A doctor’s plea for cloth masks

A good homemade cloth mask has been medically proven to be 98 per cent as effective as an N-95 mask

By Signe Olynyk

Special to the Pioneer

Dr. Murray Trusler – a retired physician now living in Fairmont with a storied career that includes managing the most remote hospitals in Ontario, disaster planning for mass casualties, and running international emergency departments – remembers the surgical days before N-95 masks, when doctors used cloth masks for medical procedures.

Sometimes in high-risk infectious situations, he would wear two masks at a time, along with doubling up on gowns. Back then, it was an even higher infectious environment because there weren’t as many vaccines. The masks saved him and countless others from spreading disease.

Dr. Trusler believes everyone needs to be wearing a mask. Immediately.

A homemade cloth mask has been medically proven to be 98 per cent as effective as an N-95 mask, provided it fits properly and is well made. Although Canadian health officials and other countries have given mixed messages about masks, Dr. Trusler believes this could be a fatal mistake.

“We have to mobilize Canadians to do two things: make sufficient, properly made masks and get the word out that everyone needs to wear one outside of the home.”

Like Canada and many other countries, social distancing and hygiene (frequent hand washing) were the two key messages that authorities advised to prevent transmission of the COVID-19 virus.

But in the Czech Republic, the minister of health insisted on one additional measure: anyone who left their home had to wear a mask. Transmission of the virus slowed significantly, unlike in other countries where the number of infected people continued to rise.

Gail Gross has been working with Dr. Gareth Manheimer, chief of staff at the Invermere and District Hospital to ensure there is enough personal protective equipment (PPE) for staff, and for the public.

“We have had disposable masks and other PPE donated from businesses and individuals,” said Gross. “We have given masks to grocery store workers, cloth masks to pharmacies, and are working hard to get more out to as many people in the community as possible. We want everyone to have this protection, and it is free to anyone who needs it – as supplies are available.”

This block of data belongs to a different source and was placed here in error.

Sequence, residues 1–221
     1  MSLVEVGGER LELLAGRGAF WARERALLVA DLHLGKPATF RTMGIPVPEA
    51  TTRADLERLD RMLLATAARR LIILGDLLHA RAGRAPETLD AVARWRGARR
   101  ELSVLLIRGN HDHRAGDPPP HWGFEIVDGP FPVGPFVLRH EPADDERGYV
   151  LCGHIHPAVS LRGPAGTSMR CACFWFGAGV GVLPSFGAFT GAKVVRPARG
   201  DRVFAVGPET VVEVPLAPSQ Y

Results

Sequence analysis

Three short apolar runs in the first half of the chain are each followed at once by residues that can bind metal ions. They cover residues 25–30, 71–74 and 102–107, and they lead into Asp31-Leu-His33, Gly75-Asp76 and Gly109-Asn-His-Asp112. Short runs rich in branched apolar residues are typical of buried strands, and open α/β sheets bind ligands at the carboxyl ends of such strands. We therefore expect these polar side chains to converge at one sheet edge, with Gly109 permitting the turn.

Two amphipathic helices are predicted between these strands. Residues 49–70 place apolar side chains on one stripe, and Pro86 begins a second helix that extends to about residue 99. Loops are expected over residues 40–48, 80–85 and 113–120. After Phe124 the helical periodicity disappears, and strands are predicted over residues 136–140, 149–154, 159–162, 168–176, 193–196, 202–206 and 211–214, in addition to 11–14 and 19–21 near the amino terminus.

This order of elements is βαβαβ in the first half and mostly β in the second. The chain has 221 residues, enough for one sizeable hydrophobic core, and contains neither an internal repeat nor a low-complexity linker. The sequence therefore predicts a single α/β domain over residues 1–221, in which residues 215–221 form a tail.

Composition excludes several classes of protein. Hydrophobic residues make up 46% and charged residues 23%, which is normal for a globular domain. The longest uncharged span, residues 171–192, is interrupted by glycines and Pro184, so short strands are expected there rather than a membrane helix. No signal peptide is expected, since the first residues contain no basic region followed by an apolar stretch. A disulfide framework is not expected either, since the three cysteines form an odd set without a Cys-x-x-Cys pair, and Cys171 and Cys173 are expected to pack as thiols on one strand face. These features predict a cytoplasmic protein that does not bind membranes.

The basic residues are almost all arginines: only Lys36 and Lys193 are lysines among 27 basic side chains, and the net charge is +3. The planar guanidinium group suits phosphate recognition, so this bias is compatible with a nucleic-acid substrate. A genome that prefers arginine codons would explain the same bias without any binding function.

Because people in the community are donating the materials and time to make the masks, there is no expense to the healthcare system.

“For every infection, every hospital admission, every ICU admission, every intubation, every death prevented, there is a huge cost savings to the healthcare system,” said Dr. Trusler.

For every infection prevented, the risk to healthcare workers and other front line citizens is also reduced. For the relatively low cost of making and distributing masks that slow the disease, it could save millions for the healthcare system, and prevent the economic collapse from being even worse.

“We are facing economic destruction as we have never experienced in our lifetime. We will be forced to end our policy of isolation soon – in a matter of weeks according to the prime minister,” said Dr. Tesler. “When we return to work, social distancing will decrease no matter how careful we are. The one way we can readily reduce the risk of infection from closer contact is to wear cloth masks. To be effective, every one of us will have to be on board.”

In the Columbia Valley, there are more than 100 seamstresses making masks for everyone in our community – for free. Approximately 700 masks have been made so far, but it is anticipated that we will need upwards of 10,000 masks for local use. Homemade masks are being produced around the clock, and delivered daily to various locations.

In Invermere, masks are available at Lambert Insurance, Pharmasave, and Valley Foods. In Radium, you can pick yours up at the Mountainside Market. They’re at Pipps in Edgewater too.

“Every day we drop a supply off, but the masks are all gone by the end of the day,” said Erin Chandler, a firefighter with the Invermere Fire Department who is helping to coordinate the distribution effort. “More volunteers are needed, as well as donations of fabric and elastic. We have had a lot of support, but there is still a great demand.”

Chandler stressed that masks need to laundered before wearing and need to be cleaned every time before reusing.

“You don’t know who has touched it before you put it on and if they potentially had the virus,” she said. She also emphasized how important it is to “put it on and leave it on.”

“Every time you touch it, you are potentially contaminating it with COVID-19, and there could be droplets on the outside,” she said.

If you can help make masks or donate supplies, please contact Chandler at echandler@shaw.ca.


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